John Ioannidis has an interesting article in the L.A. Times titled “Economics isn’t a bogus science — we just don’t use it correctly.” Some excerpts are below:
Most published studies use limited data. By a conservative estimate, the average study has 18% power to detect a modest association if one exists. Due to this low power of prediction, researchers could easily miss a genuine association. Or, they could declare a spurious, non-existing association, having been led astray by small amounts of bias.
Not all the news is bad, however.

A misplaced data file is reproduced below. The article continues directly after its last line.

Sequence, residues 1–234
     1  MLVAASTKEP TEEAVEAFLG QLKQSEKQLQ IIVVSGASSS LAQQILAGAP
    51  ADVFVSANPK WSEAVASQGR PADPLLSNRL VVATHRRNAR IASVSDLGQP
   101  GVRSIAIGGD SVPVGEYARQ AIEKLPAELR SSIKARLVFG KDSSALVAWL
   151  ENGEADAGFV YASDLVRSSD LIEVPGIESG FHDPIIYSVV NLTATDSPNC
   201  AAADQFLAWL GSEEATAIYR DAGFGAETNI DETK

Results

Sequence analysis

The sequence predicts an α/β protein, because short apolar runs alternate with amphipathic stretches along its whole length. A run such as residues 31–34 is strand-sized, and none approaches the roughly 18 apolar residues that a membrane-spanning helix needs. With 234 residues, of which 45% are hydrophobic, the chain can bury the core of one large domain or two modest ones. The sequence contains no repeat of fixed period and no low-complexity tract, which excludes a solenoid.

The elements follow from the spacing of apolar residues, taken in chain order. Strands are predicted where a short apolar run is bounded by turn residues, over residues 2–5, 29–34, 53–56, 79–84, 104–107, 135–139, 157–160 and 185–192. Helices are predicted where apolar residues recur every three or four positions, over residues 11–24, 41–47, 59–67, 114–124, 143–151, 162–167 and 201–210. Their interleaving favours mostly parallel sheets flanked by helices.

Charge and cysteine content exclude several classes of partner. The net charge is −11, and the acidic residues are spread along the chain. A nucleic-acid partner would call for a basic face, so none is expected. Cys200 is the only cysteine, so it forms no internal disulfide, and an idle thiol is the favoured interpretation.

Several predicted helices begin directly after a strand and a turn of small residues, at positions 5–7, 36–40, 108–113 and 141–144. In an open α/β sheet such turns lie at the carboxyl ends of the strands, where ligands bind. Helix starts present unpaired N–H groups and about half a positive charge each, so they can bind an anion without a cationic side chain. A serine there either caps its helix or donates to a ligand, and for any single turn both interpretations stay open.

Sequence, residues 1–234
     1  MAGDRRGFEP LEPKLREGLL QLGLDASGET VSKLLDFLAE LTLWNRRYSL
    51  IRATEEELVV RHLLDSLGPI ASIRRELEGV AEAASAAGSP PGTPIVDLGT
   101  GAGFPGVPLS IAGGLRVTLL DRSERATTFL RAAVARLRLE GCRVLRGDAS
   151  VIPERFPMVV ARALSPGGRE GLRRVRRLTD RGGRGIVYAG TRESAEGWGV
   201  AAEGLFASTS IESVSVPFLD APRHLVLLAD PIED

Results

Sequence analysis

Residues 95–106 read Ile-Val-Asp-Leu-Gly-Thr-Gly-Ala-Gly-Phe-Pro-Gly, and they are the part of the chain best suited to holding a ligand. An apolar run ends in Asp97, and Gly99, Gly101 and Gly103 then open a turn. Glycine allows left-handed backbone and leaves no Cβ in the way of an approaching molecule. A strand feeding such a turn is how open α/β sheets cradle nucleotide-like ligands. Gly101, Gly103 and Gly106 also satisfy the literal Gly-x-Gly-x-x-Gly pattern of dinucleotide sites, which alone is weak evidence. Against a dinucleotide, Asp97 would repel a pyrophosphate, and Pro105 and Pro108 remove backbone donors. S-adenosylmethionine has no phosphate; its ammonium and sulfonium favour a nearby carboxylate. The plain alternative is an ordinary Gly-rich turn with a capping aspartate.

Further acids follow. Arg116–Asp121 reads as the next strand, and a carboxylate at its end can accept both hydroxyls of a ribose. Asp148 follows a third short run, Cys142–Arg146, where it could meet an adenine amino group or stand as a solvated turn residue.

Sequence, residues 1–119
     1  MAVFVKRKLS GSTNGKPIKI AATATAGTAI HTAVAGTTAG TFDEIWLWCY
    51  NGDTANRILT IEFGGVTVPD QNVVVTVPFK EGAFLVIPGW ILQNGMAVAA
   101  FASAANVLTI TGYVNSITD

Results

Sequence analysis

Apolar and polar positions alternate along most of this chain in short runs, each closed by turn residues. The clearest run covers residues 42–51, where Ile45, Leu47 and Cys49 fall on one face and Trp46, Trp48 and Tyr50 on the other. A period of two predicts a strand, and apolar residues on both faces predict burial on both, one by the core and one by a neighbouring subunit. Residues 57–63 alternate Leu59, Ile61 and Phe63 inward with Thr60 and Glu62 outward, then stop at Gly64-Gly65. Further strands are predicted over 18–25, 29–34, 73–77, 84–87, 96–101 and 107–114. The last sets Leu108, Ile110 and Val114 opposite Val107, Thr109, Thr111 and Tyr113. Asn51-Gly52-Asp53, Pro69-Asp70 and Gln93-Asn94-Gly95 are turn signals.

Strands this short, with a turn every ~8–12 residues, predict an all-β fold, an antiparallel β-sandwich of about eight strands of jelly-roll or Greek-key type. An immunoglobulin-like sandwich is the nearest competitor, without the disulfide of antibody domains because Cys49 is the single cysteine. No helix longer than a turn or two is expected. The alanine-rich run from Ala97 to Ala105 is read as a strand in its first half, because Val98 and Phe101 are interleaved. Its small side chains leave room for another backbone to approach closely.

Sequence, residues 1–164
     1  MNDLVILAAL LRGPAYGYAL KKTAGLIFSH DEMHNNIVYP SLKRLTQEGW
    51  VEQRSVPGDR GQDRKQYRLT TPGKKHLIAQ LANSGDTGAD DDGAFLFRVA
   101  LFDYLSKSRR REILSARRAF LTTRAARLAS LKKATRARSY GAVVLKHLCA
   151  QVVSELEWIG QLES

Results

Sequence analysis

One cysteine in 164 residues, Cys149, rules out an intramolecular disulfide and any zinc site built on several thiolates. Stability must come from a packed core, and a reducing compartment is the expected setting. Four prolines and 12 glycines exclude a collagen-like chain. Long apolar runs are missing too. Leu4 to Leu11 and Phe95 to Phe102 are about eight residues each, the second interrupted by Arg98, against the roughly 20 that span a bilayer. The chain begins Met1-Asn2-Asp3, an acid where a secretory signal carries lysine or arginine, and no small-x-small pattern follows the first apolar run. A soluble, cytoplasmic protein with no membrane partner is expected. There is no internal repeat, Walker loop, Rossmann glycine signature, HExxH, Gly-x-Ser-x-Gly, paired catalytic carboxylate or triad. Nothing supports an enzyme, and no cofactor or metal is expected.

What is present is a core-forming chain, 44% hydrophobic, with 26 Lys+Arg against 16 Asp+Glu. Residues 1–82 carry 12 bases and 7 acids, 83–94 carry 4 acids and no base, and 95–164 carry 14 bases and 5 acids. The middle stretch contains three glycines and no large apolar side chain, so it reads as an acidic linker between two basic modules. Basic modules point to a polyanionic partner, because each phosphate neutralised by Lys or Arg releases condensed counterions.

Thankfully, economists are increasingly turning to experimental methods, which have the best reproducibility record. According to one evaluation, two-thirds of experimental studies were fully reproducible when other researchers tried to repeat them.
Several economics journals, moreover, are now employing standards that are likely to enhance transparency and reproducibility. These journals require researchers to share all of their protocols, raw data, software and code.
Do read the whole article.